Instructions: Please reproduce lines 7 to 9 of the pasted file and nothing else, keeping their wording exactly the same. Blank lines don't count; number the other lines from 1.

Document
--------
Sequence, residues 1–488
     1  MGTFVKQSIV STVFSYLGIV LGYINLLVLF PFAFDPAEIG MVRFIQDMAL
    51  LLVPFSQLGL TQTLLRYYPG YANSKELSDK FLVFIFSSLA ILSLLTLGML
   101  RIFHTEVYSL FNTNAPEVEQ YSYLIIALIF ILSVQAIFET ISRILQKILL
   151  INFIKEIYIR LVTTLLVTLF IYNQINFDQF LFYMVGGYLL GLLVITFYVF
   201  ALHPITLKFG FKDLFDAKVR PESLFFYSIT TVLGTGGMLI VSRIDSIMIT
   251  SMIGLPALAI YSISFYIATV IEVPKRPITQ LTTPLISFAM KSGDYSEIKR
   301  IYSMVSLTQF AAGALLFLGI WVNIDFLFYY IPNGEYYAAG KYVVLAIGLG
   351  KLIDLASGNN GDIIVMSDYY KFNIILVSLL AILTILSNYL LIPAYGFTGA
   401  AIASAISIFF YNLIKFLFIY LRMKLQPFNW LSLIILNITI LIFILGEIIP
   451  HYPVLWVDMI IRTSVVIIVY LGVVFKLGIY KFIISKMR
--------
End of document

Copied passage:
   251  SMIGLPALAI YSISFYIATV IEVPKRPITQ LTTPLISFAM KSGDYSEIKR
   301  IYSMVSLTQF AAGALLFLGI WVNIDFLFYY IPNGEYYAAG KYVVLAIGLG
   351  KLIDLASGNN GDIIVMSDYY KFNIILVSLL AILTILSNYL LIPAYGFTGA